Maretzek Italian Opera: Dom Sébastien, roi de Portugal

Event Information

Academy of Music

Manager / Director:
Max Maretzek

Event Type:

Record Information


Last Updated:
28 September 2011

Performance Date(s) and Time(s)

29 Nov 1864, 7:30 PM

Program Details

Tenth subscription night. Increased chorus and orchestra.

Donizetti: Dom Sébastien, roi de Portugal
Includes: Incidental ballet [Ballet, unidentified] by Mlle. Ernestine and Mlle. Auriol

Performers and/or Works Performed

aka Dom Sebastian, King of Portugal; Dom Sebastien; Don Sebastian
Composer(s): Donizetti
Text Author: Scribe
Participants:  Maretzek Italian Opera Company;  Fernando [bass-baritone] Bellini (role: Camoens);  Carlotta Carozzi-Zucchi (role: Zaida);  Bernardo Massimiliani (role: Sebastian);  Mlle. Ernestine;  Mlle. [dancer] Auriol;  Augustino Susini (role: Giovanni);  Domenico Lorini (role: Abadialos)


Announcement: New-Yorker Staats-Zeitung und Herold, 26 November 1864.

Advertisement: New York Herald, 27 November 1864.

Advertisement: New-Yorker Staats-Zeitung und Herold, 27 November 1864.

Advertisement: New York Herald, 28 November 1864.
Full cast list.
Announcement: New York Herald, 29 November 1864.
Third performance.
Announcement: New York Post, 29 November 1864.

Announcement: New-York Times, 29 November 1864, 4.
Listed in “Amusements This Evening.”
Advertisement: New-York Times, 29 November 1864, 7.
Brief excerpt of a review from The World.  The success of the performance on the previous Friday was “more positive than was that of ‘Faust,’ when originally played here a year ago.”
Announcement: Courrier des États-Unis, 29 November 1864.

Announcement: New-Yorker Staats-Zeitung und Herold, 29 November 1864.

Review: New York Herald, 30 November 1864, 1.
“The Opera. The very marked appreciation of the audience last night proves that Don Sebastiano is growing in favor as it becomes more familiar to the public ear. The house—as on the two previous nights of its presentation—was immense. The artists were quite as good as usual, and the smoothness with which the great spectacular parts went off show that it only required a little practice on the part of the very large force employed on the stage [word cut off] render the difficult scenic effects perfect. Massimiliani received the tribute of a call and an encore by the excellent rendering of the romanza Deserio in terra. [Word cut off] other morceaux were also very enthusiastically encored. [Words cut off]  Zucchi gaining still more the good graces of the audience. The opera will be repeated on Friday night.”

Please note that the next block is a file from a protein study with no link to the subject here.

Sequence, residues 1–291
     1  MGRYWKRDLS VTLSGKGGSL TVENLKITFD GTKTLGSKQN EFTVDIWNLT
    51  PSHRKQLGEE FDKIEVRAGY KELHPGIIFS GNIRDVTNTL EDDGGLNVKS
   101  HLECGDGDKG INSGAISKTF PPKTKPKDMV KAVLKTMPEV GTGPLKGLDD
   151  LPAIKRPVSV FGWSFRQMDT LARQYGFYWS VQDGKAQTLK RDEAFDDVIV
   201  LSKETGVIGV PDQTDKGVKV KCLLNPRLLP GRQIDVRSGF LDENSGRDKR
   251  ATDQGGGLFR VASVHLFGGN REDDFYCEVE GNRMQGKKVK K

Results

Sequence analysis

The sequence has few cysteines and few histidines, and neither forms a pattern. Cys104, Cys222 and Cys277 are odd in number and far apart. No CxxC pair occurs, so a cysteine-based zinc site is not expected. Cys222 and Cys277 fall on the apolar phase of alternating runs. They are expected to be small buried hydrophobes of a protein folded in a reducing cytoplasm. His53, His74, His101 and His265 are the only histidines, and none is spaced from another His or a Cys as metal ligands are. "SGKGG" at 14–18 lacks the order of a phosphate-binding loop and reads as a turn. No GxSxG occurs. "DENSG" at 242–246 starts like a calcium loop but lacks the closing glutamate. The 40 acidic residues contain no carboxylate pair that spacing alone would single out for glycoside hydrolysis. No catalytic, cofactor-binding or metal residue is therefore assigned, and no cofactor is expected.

Review: New-Yorker Staats-Zeitung und Herold, 30 November 1864.
“As mentioned before, the music which would have been
worthy being worked at by Meyerbeer does not live up to its full potential. The introduction can hardly be called an overture. The aria or better ‘romanze’ for the baritone (Camoens) was insignificant and less impressive than the choir piece ‘Giustisia divina’ and Zaida’s recitation aria, ‘Signor Clemente e pio’, the last mentioned clearly showing Donizetti’s signature by the way it uses the guitar, flutes and clarinets. The ensemble number of the prophecy of the Camoens is quite effective. Here the composer uses almost continually a unisono on stage and a fully-composed piece in the orchestra. A respectable women’s choir closes the act that otherwise and without the thundering of the canons would not have made a big impression. The second act is consistently very weak. The opening women’s choir is colorless, and the romance ‘Terra adorata’ is only mildly entertaining if only to experience Zaida on this occasion. However, the rest of the act is tiring and downright boring and not even – what would be typical for Donizetti – melodious.  The duet and the tenor aria ‘Deserto in terra’ are excluded here; the melody of the aria is rather pleasant-sounding and will stay in people’s heads for quite a while. In the third act we would only like to mention the duet between Sebastian and Camoens and the funeral march. The latter is as simple as gripping. The fourth act is the best. The highlight and crucial point of the opera is the septet which covers almost half of this act. The scene leading into the septet is quite effective and well-done (description of the scene follows); the septet being sung by a soprano, three tenors and three bases. Musically it is typical for the composer, fiery and melodious and although only moderately well performed will always be received enthusiastically by audiences. The duet for soprano (Zaida) and tenor (Sebastian) in the fifth act is interesting and is followed by a barcarole for baritone which is of noble and beautiful melodious character. The latter leads into an aria which should end the opera, because the rest of the final act does not offer any climax to satisfy the audience.
Despite the many weaknesses, ‘Don Sebastian’ will always stay an impressive and ingenious opera which deserves to be listened to. The Maretzek Society cast the major parts with fine singers who fill the parts excellently. In addition, the direction of the house put a lot of effort in creating a striking stage set with lots of splendor. Yesterday’s third performance could be called almost perfect; choir and orchestra deserve a lot of credit including their conductors.”

Announcement: Dwight's Journal of Music, 10 December 1864, 364.